Sow grizzly bear and three (triplet) spring cubs; one jumped on her back on the green summer tundra in Denali National Park, Alaska. Ⓒ Patrick J. Endres /

Brown bear sow and triplet cubs of the year, on the spit between Brooks river and Naknek Lake, Katmai National Park, southwest Alaska. Ⓒ Patrick J. Endres /


Bear populations vary depending on the productivity of the environment. In areas of low productivity, such as on Alaska’s North Slope, studies have revealed bear densities as low as one bear per 300 square miles. In areas teeming with readily available food, such as Admiralty Island in Southeast Alaska, densities as high as one bear per square mile have been found. In central Alaska, north, and south of the Alaska Range, bear densities tend to be intermediate, about one bear per 15-23 square miles. These average figures should not be interpreted to mean that each bear has this much territory for its exclusive use. The area occupied by any individual bear may overlap with that many others use.

Sow grizzly walks across the green tundra overlooking the McKinley River bar in Denali National Park, Alaska (Patrick J Endres /

Grizzly bear along the Nigu river, National Petroleum Reserve, Alaska. Ⓒ Patrick J. Endres /


All brown bears should be treated with respect and can be safely observed only from a distance of at least 100 yards. This is especially true for family groups of a female and her offspring, as mother bears are very protective towards their young. Bears protecting a food source, such as the buried carcass of a moose or caribou, should also be treated with particular caution. In bear country, campers can best avoid conflicts with bears if they minimize food odors, store their food out of a bear’s reach and away from their camp, and avoid camping on bear travel routes.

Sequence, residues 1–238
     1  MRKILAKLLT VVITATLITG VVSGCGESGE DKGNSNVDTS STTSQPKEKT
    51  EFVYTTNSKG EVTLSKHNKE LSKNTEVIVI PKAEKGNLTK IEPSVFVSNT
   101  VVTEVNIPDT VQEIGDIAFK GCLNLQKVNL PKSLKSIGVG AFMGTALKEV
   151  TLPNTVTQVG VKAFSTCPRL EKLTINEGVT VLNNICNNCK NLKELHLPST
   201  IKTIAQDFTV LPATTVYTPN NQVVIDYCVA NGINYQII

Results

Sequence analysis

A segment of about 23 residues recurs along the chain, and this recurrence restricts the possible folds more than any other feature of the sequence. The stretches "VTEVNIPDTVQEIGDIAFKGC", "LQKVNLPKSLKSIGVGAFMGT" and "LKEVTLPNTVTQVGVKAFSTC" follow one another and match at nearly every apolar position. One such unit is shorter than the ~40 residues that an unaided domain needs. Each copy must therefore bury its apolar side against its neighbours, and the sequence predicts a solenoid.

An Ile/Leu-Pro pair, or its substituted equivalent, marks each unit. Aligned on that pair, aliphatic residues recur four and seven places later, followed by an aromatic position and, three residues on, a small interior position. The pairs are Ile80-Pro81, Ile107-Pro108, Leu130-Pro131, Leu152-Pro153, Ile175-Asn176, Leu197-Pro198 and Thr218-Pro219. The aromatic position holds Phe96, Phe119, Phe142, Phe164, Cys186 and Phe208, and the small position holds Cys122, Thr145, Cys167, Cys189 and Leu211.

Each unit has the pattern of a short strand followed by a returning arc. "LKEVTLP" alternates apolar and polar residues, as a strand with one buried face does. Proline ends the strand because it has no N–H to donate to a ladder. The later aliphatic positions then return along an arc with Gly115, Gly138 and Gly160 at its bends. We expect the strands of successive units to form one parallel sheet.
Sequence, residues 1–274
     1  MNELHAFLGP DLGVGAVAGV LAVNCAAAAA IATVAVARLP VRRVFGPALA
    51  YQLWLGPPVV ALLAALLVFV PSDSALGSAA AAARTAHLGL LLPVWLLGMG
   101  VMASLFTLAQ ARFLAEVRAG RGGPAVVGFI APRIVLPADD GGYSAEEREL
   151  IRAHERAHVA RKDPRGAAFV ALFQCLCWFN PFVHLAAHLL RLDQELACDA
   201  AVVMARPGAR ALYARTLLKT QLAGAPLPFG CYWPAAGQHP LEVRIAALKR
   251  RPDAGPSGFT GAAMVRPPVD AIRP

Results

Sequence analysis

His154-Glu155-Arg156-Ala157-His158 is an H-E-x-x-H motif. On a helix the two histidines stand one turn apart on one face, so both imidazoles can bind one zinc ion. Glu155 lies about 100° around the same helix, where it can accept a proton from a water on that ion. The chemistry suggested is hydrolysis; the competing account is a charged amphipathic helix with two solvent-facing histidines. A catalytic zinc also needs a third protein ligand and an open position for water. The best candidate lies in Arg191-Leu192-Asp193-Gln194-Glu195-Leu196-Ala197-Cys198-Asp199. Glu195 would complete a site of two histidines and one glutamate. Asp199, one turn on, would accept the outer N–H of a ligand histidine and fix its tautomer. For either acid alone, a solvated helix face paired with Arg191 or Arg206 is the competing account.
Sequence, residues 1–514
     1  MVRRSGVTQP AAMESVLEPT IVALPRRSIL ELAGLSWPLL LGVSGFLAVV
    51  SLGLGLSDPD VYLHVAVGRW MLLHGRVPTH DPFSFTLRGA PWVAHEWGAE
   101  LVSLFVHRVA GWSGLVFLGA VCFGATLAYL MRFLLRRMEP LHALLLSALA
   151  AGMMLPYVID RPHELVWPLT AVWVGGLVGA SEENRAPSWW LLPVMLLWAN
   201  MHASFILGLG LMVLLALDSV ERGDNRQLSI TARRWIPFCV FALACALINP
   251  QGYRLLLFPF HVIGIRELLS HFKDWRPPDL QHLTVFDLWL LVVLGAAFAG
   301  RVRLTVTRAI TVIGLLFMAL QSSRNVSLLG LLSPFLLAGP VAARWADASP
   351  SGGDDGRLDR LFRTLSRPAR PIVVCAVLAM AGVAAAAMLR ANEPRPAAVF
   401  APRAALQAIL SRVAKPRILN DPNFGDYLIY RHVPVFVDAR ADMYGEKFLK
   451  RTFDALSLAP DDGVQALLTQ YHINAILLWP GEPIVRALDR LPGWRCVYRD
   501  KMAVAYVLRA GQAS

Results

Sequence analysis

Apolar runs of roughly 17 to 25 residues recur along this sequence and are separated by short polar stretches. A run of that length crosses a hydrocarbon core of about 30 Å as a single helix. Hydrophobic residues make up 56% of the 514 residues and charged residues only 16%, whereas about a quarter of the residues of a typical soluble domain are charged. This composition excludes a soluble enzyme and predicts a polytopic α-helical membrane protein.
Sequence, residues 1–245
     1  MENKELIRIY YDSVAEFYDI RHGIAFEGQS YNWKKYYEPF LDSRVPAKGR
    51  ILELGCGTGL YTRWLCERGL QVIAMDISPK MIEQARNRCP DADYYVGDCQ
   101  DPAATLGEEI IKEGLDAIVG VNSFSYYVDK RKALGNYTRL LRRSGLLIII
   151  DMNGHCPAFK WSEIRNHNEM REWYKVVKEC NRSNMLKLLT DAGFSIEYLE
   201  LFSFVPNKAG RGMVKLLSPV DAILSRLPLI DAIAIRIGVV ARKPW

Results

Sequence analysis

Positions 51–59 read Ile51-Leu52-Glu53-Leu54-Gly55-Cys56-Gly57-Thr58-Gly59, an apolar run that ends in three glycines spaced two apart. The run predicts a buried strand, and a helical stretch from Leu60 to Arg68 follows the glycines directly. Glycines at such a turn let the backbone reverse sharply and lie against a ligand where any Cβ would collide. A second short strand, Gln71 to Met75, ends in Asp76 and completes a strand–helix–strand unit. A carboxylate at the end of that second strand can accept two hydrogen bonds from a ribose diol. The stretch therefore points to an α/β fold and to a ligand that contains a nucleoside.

Denali National Park, Alaska (Patrick J Endres /

Storing food in a bear barrel is a safe way to keep bears from interacting with human food. Gates of the Arctic National Park, Alaska (Patrick J Endres /

Food habits

Like humans, brown bears consume a wide variety of foods. Common foods include berries, grasses, sedges, horsetails, cow parsnips, fish, ground squirrels, and roots of many kinds of plants. In some parts of Alaska, brown bears are capable predators of newborn moose and caribou. They can also kill and consume healthy adults of these species and domestic animals. Bears are fond of all types of carrion and garbage in human dumps. Except for females with offspring and breeding animals, bears are typically solitary creatures and avoid the company of other bears. Exceptions to this occur where food sources are concentrated, such as streams where bears can catch salmon swimming upstream to spawn. At McNeil River Falls, the largest concentration of brown bears occurs annually. Biologists have observed more than 60 bears at one time, attracted by spawning salmon.

Grizzly bear sow and yearling cubs approach bull caribou, Denali National Park, Alaska Ⓒ Patrick J. Endres /

Brown bears fish for red salmon at the Brooks river falls, Katmai National Park, southwest Alaska. (Patrick J Endres /

Brown bears fish for red salmon in the Brooks River, Katmai National Park, southwest Alaska. Ⓒ Patrick J. Endres /


Most Alaska brown bears enter dens and hibernate through the winter when food is scarce. During hibernation, their body temperatures, heart rate, and other metabolic rates are reduced, and the need for food and water is eliminated. Bears may spend 5 to 7 ½ months in dens in northern areas with long brutal winters. A few bears may stay active all winter in areas with relatively warmer winters, such as Kodiak Island. Pregnant females are usually the first to enter dens in the fall and the last to exit with their newborn cubs in the spring. Adult males, on the other hand, appear to enter dens later and emerge earlier than most other bears.

Grizzly bear in the fresh winter snow in Atigun canyon, Brooks Range, Alaska (Patrick J Endres /

Research and conservation

Alaska contains most of the United States brown bears, and The Alaska Department of Fish and Game is responsible for managing the population based on scientific studies of the biology of bear populations. Essential components include preserving bear habitat, overharvesting prevention, and conducting the studies necessary to understand population requirements. As Alaska continues to develop, it is increasingly essential for the public to recognize that maintaining sufficient amounts of habitat for brown bears to continue to thrive in Alaska will mean forgoing opportunities for some kinds of economic development in some places.

Brown bear lies in the forest floor’s moss along a trail in Katmai National Park, Alaska Ⓒ Patrick J. Endres /

Information referenced from the Alaska Department of Fish and Game Wildlife Notebook Series